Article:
Still, before Kerner’s second term as governor was over, Johnson nominated him to serve on the 7th U.S. Circuit Court of Appeals. But Kerner’s undoing was not long in coming: He was indicted in 1972 for conspiracy, income tax evasion, mail fraud and perjury. The indictment said that early in his first term, he had agreed to set favorable racing dates for a Chicago-area horse track in exchange for stock in the track, which he later sold at a significant profit. Kerner was convicted on 17 counts. On appeal, all but four of the counts, all for mail fraud, were thrown out. But he was sentenced to three years in prison — a sentence that was cut short by the discovery he was suffering from lung cancer. He died in May 1976.
Kerner’s New York Times obit mentions that some supporters never believed he was guilty, and many others remained sympathetic to him after his fall. A few months before Kerner died, the Times reported, “Chicago journalists organized a ‘newsmen’s testimonial dinner to Otto Kerner.'”
“‘We like the guy personally, no matter what he’s done, and we thought it would be a shame if someone didn’t do something for him,’ said Steve Schickel, a television reporter for station WLS-TV. “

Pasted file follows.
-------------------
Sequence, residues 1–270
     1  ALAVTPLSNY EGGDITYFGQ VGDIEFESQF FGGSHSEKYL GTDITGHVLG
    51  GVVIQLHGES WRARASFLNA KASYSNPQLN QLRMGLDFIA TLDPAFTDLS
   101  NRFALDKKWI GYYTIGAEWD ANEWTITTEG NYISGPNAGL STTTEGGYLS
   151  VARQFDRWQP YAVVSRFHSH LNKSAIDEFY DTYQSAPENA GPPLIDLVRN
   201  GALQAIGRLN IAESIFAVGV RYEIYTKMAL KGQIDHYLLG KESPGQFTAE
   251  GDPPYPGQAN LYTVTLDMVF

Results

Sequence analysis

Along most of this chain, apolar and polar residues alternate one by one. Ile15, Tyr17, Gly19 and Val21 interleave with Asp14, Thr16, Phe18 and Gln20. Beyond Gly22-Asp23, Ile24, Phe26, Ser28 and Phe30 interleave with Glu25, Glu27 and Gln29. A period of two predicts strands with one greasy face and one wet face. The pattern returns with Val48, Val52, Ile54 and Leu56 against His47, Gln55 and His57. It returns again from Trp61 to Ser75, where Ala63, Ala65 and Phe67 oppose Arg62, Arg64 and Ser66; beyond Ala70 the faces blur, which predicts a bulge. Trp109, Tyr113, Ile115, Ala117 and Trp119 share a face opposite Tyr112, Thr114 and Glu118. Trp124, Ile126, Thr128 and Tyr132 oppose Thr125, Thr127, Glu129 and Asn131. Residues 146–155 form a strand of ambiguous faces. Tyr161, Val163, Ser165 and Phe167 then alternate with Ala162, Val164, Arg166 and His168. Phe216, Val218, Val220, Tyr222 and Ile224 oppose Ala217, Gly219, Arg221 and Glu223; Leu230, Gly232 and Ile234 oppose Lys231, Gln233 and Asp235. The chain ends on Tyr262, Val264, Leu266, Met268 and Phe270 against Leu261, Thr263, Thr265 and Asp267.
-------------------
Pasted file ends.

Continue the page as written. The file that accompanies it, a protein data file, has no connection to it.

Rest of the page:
From a short visit to Virginia City, Nevada, in The Last Summer Before the Pandemic. (Caution: the following contains explicit details of gruesome Gold Rush-era saloon violence. )
We spent a couple minutes on the main street, but when I spotted the cemeteries on the north end of town, I knew that’s where I wanted to go. The carving on this monument drew my eye — it’s exquisite but restrained. I was slow to appreciate the inverted torches at the four corners. The inverted torch, a common motif on cemetery monuments, is said to symbolize death; the flame, eternal life.
As to Major George E. Ferrend: Who was he?